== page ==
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Old December 3, 2009, 07:58 AM   #76
landcruzr
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I cant believe that anyone in their right mind would say that its ok to have a "badge" that identifies you as a CCW permit holder. The problem starts with the [person] who thought this was a good idea.

The badge itself requires training as you can see by this discussion. People who carry it arent even sure when to display and when not to display. Leave it home on the bedroom dresser- and just comply with the officers orders when he arrives- its safer for everyone that way

Once, along time ago, I stopped a car. Its 2am, pitch black outside. The operator stops his car, and opens the door(problem #1).

Then he rolls out of the door and is holding a silver colored metallic object in his right hand(problem #2). As he turns towards my clearly marked patrol car, he is greeted with a "Drop the !(*^#%^! gun! Get on the ground!

He dropped the object, put his hands in the air, and relieved himself-right in his pants(problem#3).

The object that he dropped was a badge. A badge for something other than being an LEO!

Last edited by pax; December 4, 2009 at 11:16 AM. Reason: Removed a personal attack - see TFL forum rules please.
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Old December 3, 2009, 10:34 AM   #77
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It is really easy to determine how much value a CCW badge has: Does the seller have to see your license to sell you a badge? The answer, of course, is no - anyone can buy one whether they have a CCW license or not. So the badge only means that you spent $40 or so to own a badge - your motive could be good or bad, you may or may not have training, you may or may not be a good guy, you may or may not even have the CCW license that the badge purports to represent. Heck, you might have bought it just to make the cops hesitate a moment so you could shoot them. You just had $40 to spend - that's all it proves.

If you think that LEOs don't know this, you underestimate them severely. I'm not saying you have bad intentions if you bought a badge, just that LEOs have no reason to value or trust a CCW badge. To me the bad guy is the one who took your money with false promises.

Just the thoughts of one "old fart."
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Old December 3, 2009, 08:39 PM   #78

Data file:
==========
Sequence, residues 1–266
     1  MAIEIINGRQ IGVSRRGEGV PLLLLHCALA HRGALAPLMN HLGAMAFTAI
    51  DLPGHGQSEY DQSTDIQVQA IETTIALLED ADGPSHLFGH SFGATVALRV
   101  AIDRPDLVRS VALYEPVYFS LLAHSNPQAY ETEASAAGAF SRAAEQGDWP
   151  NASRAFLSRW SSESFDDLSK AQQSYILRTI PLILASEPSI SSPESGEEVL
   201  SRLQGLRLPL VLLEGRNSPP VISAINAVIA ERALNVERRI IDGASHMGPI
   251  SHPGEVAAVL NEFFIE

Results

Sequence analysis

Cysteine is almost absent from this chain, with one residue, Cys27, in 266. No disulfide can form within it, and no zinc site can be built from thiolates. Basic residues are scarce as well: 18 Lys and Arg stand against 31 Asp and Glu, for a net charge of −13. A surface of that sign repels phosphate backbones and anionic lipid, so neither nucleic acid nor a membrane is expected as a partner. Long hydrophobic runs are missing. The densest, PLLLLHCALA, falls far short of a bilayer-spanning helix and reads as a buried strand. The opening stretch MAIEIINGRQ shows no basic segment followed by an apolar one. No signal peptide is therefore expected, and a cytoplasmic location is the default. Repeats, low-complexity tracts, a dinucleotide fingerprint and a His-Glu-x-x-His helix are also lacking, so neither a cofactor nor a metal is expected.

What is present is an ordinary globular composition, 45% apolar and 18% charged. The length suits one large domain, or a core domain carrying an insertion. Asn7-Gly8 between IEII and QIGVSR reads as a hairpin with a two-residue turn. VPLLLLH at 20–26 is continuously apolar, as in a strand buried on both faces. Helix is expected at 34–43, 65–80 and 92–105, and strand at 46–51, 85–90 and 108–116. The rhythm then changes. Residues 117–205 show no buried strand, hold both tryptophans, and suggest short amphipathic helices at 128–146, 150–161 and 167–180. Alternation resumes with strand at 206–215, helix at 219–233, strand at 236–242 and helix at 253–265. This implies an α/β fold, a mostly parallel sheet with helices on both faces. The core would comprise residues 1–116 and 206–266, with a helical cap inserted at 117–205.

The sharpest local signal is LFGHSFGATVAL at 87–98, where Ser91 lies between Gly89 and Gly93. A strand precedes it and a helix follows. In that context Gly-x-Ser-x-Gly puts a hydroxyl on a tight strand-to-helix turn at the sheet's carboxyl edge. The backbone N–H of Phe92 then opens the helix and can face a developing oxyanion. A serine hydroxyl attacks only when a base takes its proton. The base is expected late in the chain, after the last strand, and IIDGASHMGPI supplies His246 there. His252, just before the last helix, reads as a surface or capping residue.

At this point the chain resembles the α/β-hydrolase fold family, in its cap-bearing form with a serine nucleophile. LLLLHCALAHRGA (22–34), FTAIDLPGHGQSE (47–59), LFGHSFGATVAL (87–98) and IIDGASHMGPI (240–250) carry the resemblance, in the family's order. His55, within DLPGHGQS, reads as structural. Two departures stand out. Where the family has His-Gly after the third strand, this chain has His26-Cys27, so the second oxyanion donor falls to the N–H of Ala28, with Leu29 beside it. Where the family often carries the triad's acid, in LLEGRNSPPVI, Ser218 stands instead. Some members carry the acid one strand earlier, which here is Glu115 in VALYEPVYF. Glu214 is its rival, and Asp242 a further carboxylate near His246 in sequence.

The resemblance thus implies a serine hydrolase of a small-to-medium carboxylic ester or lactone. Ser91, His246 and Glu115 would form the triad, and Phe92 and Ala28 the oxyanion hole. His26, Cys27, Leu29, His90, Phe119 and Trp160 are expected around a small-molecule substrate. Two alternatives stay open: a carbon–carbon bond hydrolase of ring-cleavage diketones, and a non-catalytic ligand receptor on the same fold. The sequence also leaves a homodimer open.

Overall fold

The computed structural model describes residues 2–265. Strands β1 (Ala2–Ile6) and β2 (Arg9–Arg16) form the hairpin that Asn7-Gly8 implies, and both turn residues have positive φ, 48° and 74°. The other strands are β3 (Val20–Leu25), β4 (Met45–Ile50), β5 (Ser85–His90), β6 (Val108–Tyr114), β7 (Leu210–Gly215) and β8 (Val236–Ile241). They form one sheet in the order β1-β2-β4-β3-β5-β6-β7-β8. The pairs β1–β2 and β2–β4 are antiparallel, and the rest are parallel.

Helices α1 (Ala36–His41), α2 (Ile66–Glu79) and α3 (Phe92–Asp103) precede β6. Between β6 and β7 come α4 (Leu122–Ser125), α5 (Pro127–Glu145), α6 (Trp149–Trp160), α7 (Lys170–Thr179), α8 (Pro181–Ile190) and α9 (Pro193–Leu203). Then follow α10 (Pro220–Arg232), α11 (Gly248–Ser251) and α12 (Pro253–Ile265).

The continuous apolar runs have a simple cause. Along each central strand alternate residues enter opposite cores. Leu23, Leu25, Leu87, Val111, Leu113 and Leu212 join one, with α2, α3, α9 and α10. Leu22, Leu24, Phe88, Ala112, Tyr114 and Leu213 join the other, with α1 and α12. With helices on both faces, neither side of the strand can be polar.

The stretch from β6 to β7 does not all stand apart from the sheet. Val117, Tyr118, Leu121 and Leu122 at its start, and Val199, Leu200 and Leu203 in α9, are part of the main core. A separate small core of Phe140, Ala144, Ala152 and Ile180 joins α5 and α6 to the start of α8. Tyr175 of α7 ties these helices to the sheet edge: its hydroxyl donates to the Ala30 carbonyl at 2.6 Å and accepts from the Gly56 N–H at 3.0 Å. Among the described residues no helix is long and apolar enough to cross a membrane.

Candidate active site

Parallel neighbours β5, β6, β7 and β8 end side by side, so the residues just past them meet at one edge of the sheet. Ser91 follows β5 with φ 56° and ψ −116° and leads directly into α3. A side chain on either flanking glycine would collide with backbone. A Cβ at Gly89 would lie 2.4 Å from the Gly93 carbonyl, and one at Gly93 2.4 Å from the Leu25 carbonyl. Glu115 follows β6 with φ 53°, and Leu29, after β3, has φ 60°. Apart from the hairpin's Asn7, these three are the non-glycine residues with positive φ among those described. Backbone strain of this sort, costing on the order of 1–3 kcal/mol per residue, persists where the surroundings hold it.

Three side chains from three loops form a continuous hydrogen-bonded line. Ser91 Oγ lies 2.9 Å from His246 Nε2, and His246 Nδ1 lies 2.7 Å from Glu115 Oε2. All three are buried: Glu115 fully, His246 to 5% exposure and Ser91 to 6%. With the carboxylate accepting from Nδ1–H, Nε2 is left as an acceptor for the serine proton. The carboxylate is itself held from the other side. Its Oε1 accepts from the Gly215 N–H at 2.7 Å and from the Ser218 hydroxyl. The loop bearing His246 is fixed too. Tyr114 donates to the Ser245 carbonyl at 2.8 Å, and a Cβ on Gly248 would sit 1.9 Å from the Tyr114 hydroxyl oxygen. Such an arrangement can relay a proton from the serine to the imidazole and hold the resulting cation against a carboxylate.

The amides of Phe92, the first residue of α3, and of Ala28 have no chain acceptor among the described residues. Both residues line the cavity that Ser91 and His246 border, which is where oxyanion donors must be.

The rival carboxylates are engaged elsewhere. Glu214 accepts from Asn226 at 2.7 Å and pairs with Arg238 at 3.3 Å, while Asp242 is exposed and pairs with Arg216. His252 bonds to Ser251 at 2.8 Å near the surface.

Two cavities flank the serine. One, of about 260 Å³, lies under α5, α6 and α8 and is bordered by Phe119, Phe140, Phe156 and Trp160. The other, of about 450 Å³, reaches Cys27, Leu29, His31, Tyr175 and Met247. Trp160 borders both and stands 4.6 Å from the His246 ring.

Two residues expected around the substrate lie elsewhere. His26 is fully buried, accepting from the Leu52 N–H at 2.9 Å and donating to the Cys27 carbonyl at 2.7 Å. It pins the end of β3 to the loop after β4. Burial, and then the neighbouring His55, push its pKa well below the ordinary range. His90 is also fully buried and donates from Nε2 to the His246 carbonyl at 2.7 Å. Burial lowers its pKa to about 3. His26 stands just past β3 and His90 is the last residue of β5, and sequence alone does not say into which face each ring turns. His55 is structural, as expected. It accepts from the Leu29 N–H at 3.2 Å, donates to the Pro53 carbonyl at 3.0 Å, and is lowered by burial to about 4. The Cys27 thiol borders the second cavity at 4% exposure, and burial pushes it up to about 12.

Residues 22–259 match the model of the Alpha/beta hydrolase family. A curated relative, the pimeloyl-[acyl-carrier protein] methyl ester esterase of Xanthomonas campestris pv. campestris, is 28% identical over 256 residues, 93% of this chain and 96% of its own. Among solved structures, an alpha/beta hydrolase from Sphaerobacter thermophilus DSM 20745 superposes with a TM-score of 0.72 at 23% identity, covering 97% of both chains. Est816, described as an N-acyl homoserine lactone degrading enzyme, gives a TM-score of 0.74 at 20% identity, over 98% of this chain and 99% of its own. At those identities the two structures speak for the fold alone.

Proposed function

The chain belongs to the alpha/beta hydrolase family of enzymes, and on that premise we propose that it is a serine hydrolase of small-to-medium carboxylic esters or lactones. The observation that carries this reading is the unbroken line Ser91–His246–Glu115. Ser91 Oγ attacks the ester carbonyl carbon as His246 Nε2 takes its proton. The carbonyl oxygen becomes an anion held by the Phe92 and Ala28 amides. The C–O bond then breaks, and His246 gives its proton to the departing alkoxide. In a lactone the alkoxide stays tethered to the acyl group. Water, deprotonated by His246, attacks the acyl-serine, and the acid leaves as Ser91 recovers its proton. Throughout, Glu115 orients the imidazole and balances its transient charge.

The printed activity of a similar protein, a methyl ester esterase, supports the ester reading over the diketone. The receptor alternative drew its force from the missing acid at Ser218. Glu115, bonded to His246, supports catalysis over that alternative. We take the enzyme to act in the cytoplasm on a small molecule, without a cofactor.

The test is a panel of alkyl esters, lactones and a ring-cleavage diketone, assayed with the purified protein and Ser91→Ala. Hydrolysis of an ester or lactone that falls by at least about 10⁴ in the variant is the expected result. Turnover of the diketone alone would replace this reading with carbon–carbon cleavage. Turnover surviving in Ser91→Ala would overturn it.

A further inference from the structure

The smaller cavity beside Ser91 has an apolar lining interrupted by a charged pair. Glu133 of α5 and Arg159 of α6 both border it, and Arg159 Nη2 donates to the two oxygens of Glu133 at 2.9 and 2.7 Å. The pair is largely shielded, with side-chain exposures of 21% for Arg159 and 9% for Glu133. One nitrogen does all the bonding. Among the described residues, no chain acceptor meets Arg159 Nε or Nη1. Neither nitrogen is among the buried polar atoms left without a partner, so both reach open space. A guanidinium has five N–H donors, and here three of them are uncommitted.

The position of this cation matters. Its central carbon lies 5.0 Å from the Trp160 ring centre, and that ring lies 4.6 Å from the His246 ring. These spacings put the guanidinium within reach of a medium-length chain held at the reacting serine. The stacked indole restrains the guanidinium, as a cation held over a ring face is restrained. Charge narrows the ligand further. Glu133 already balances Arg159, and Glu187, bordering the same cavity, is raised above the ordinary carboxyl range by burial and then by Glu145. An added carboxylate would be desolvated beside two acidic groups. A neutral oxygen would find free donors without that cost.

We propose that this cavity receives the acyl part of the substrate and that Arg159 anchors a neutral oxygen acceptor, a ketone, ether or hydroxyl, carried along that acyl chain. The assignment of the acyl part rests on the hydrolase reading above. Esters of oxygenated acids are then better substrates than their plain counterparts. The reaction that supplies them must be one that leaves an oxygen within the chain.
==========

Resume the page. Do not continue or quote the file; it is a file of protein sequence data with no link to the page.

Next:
Erik
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Just to be clear:

That "credetial and badge holder" pictured... If someone displayed it and it influenced my treatment of them in any way shape, or form during an enforcement action and I learned they were not a credentialed local, state, or federal law enforcement officer... I would arrest them. And so, I am confident, would most of my collegues. I mention it so that should that day ever come, you will not be in the position of muttering to yourself in the back to the car, "If only someone had told me."

Erik - Who has wirtnessed two security gaurds and one CCW carrier arrested for just that thing over the years. All where living out this fantasy being advocated here. All argued the arguments of the presented in favor of the "badges." IIRC: The guards were conviced of misdemeanors, lost their CCWs, and undoubtedly terminated. The CCW carrier was read the riot act, lost his CCW, and released with charges dropped.
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Last edited by Erik; December 3, 2009 at 08:45 PM.
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Old December 4, 2009, 11:06 AM   #79
threegun
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Most law enforcement isn't going to shoot either person as long as they comply with orders given and don't handle their firearm in a threatening manor. I'm not concerned with those guys. Its the rare bad apples in LE and perhaps the private citizen who I am concerned with. As I stated previously the badge combined with proper gun handling and compliance will likely stop these individuals from shooting prematurely.

Quote:
The manufacturer of these badges has sold you a bill of goods that you have baught into hook line and sinker.
Mine was a gift so nobody sold me anything.

Quote:
These badges only seem to appeal to a segment of the population that feels the need to advertise that they are carrying a gun, trying to be tacticool, law enforcement wannabes, or mall ninjas.
I'm not a wannabe, mall ninja, or a bragger. So guess this is not a correct statement. The few folks I know who carry one seem to have similar thoughts on its use as myself.

Quote:
Who has wirtnessed two security gaurds and one CCW carrier arrested for just that thing over the years. All where living out this fantasy being advocated here. All argued the arguments of the presented in favor of the "badges." IIRC: The guards were conviced of misdemeanors, lost their CCWs, and undoubtedly terminated. The CCW carrier was read the riot act, lost his CCW, and released with charges dropped.
So all were holding someone at gunpoint while holding up their badge and permit for responding officers?
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Old December 4, 2009, 11:25 AM   #80
Glenn E. Meyer
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Interesting point raised - in an ambiguous situation, it is hard to identify things. You might not want to be waving something metallic in front of officers under stress.

Open hands over your head seem like a better plan in the open or fixed on your steering wheel.

The metallic badge might glint just as nicely as a little chromed Lorcin.

It is also the case, to be blunt, that if you are a person of color or minority, some folks are quicker to think a neutral object in your hand is a gun as compared to something nice. Tons of studies on this out of the University of Chicago. In fact, those guys are making presentations on this to the LEO firearms training community to try to reduce the chances of off duty or plain clothes officers of color getting shot.